In December of 2017 I was approached by the Performing Arts Program Coordinator at RYSE, Molly Raynor, to see if I would be interested in doing dramaturgy for their upcoming production titled Richmond Renaissance. I knew of RYSE from my time working the teen poetry slams and seeing the rise of Donté Clark so I was super excited to work with them on creating their new piece. At first, I thought that the piece was going to be about their creating a renaissance in Richmond in their current time, but Richmond Renaissance was actually going to be a love-letter in musical form from the youth of Richmond to the richness of their city’s history.
[Image Description: A flyer for the play Richmond Renaissance. The background of the flyer is teal, with red, orange and white lettering. Two orange figures stand across from each other — the man on the left is wearing a red suit jacket and fedora and playing a saxophone and the woman on the right is wearing a teal dress and standing at a microphone. The flyer has writing advertising the show, including “RYSE Presents… Richmond Renaissance A Play By Richmond Youth. Save the Date May 6th and 7th from 6 – 8 PM, At the El Cerrito Performing Arts Theater.” A sepia tone film strip goes across the bottom of the flyer showing four photographs of young people dressed in clothes from the forties.]
I have never worked with young people so clear in their decisions about the art they are trying to make until I began working with DeAndre, the playwright of Richmond Renaissance. This young man was dedicated to telling this story with honest and loving authenticity. DeAndre was interested in creating a piece that truly put the audience in 1940s North Richmond while also speaking about themes that the audience can see playing out in their lives currently. My work focused on finding out what Richmond “was like” in the 1940s. What/who were they listening to? What was their slang? Where were they coming from and why?
[Image Description: Five young black people stand in a row in front of paisley red and gold wallpaper, looking into the camera. The two men who are furthest to either side wear fedoras, dress pants and button-down shirts; the three women in the center wear dresses and either a headwrap or a flower in their hair.]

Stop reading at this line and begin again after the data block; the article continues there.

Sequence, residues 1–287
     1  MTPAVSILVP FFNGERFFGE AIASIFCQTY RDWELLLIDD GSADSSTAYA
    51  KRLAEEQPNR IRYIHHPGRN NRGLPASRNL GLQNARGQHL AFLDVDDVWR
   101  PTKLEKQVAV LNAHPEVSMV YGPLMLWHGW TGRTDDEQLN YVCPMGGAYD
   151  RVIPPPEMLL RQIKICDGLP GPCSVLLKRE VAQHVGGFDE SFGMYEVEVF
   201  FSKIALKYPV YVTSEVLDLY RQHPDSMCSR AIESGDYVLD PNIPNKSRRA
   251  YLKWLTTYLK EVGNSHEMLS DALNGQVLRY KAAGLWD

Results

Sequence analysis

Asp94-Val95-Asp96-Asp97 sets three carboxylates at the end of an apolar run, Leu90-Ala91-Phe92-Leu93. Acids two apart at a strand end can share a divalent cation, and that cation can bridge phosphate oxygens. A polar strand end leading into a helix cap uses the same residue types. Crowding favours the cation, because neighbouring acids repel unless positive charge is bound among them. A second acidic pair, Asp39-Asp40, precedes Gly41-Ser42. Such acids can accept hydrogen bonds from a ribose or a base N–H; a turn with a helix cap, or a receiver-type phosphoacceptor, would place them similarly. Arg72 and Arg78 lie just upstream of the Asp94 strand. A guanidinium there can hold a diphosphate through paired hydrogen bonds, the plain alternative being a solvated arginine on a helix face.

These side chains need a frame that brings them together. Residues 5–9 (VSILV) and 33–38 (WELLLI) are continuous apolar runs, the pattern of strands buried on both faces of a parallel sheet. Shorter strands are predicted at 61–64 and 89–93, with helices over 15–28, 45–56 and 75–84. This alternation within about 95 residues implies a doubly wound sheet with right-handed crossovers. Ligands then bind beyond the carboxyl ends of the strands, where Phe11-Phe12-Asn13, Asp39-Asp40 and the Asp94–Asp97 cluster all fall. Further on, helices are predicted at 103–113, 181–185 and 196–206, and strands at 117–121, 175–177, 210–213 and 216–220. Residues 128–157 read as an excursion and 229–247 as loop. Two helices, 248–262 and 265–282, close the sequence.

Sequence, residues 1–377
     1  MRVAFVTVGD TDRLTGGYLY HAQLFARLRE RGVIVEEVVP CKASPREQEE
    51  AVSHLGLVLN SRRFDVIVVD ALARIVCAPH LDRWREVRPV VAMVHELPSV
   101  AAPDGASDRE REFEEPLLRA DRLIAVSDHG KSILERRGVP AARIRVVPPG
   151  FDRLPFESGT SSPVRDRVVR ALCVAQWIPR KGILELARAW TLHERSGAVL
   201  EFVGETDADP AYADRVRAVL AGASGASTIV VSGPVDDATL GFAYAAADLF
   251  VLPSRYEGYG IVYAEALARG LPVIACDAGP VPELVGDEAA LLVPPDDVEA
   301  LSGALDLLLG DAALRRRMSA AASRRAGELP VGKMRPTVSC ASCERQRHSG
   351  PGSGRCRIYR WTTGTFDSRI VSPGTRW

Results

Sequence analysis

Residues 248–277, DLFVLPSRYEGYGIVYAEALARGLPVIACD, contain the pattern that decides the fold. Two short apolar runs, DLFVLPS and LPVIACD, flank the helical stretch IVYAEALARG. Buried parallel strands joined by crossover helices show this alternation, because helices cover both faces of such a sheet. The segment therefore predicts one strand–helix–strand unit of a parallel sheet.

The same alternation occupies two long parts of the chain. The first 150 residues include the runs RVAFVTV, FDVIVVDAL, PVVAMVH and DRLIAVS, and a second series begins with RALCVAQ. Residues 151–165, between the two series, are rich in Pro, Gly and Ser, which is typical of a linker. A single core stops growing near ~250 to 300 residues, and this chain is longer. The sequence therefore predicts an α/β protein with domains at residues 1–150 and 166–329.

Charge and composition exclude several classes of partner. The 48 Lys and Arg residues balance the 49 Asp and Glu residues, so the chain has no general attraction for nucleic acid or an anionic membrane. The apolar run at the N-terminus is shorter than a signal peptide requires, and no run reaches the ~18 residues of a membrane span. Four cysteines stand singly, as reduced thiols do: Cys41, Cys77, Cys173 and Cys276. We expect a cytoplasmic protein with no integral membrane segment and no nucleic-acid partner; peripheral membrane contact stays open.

[Image Description: A young woman in a white lace blouse stands turned towards her right, singing into a wooden spoon as if it is a microphone. She wears bright red lipstick and a red flower in her hair.]
While it was awesome to do this work in support of young artists, I personally enjoyed learning about the richness of the city’s history. Richmond has a bad reputation for being a center of scandal and violence, so to learn that it was a hub for Black artists and musicians, a place where Black people could own property and create a world of their own, was enlightening and allowed me a deeper view into Richmond’s heart and soul. DeAndre was dedicated to knowing what exactly people wore, what major artists would be filtering through the jukebox at AnnaBelle’s, and what the particular structure of the songs during that time were. We also unpacked the textured language of Richmond in the 1940s, how the lullabic accent of the South paired with the sing-songiness of the Midwest merged together to give Richmond residents a sound and vernacular of their own.